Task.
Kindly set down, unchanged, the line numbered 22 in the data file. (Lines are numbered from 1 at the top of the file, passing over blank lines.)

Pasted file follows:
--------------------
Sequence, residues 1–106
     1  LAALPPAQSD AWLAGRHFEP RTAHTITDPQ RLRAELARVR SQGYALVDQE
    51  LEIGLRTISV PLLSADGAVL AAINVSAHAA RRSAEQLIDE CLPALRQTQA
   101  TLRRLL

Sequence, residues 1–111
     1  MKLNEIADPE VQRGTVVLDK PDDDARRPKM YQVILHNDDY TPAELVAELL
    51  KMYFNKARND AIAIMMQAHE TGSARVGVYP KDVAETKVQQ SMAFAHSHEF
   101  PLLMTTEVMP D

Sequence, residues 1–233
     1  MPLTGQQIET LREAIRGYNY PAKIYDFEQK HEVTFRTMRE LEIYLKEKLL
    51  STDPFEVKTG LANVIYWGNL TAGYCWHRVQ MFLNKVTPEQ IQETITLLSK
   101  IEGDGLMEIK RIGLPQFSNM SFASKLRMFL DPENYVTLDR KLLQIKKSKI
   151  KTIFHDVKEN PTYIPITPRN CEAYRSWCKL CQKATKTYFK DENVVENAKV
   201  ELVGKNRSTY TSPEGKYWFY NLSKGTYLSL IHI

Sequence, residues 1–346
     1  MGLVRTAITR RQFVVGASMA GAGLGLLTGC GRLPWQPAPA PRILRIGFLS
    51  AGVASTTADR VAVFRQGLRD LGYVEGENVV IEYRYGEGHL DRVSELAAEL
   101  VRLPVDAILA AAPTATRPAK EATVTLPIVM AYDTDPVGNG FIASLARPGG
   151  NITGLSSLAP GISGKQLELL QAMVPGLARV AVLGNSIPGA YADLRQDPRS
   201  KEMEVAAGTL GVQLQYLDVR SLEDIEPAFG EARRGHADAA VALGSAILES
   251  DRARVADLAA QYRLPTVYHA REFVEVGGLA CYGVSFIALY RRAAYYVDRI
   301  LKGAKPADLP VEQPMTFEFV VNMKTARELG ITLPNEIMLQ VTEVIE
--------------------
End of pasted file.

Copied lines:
   301  LKGAKPADLP VEQPMTFEFV VNMKTARELG ITLPNEIMLQ VTEVIE